Marty Stuart – Ghost Train: The Studio B Sessions – Traditional country preservationist/revivalist/flag-waver heads to the famed RCA Studio B in Nashville to record his best record in years in the same studio that hosted Waylon, Willie, Dolly, Porter, Ernest Tubb, Roger Miller, some guy named Elvis and countless others over the years, beginning in 1957.

Danzig - Deth Red Sabaoth – It’s Danzig. It’s his best record in twenty years. It’s hard. It rocks. And it moves. What else do you need to know? Check out “Ju Ju Bone”. I suggest getting it from the Disc Exchange in Knoxville on Chapman Highway, where he stopped in to do so some shopping before his show in November at The Valarium. Get Disc Exchange’s Andrew or Courtney to tell you the story and show you the picture.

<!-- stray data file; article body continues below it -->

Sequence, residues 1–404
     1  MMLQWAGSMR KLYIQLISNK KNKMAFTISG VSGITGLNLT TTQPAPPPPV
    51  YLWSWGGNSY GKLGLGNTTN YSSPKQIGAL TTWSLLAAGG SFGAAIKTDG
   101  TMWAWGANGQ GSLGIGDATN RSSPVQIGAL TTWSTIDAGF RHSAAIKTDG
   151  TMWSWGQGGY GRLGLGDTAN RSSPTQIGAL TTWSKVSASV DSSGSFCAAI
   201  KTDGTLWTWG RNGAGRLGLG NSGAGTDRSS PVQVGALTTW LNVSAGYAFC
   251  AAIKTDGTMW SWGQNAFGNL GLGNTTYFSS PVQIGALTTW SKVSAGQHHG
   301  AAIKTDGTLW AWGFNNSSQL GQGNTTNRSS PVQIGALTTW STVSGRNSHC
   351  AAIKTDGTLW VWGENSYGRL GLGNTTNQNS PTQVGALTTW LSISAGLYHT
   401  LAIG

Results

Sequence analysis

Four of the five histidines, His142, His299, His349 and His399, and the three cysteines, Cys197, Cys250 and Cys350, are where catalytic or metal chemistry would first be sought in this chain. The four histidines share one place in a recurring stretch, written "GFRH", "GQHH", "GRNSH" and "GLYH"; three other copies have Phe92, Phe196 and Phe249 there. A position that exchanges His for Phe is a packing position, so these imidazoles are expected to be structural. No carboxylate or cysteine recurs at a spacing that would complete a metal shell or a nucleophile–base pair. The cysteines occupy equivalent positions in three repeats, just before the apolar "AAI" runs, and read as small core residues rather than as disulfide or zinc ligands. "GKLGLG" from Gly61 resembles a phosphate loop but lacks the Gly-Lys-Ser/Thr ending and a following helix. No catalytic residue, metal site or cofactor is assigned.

Glossary - Feral Fire – My favorite band from Middle Tennessee (Murfreesboro) that you’ve probably never heard of, but you should, and won’t be disappointed. This is their sixth full length. I would start at the beginning of their catalog and try to catch up quickly ( Each record has progressed and the songs seem to write themselves now. They are all different enough to stand alone, but close enough that you know what you’re gonna get from Glossary…and you’re not disappointed, even after six albums. Plus, the co-ed vocal pairing of Joey and Kelly Kneiser can’t be beat, accompanied by some of the best steel pedal melodies and playing in “Your Heart to Haunt”. “Save Your Money for the Weekend” is a highlight, and is good advice, too, as Glossary seems to make it to Knoxville once or twice a year (when their steel pedal/guitarist/vocalist Todd Beene isn’t touring with Lucero), so be on the lookout.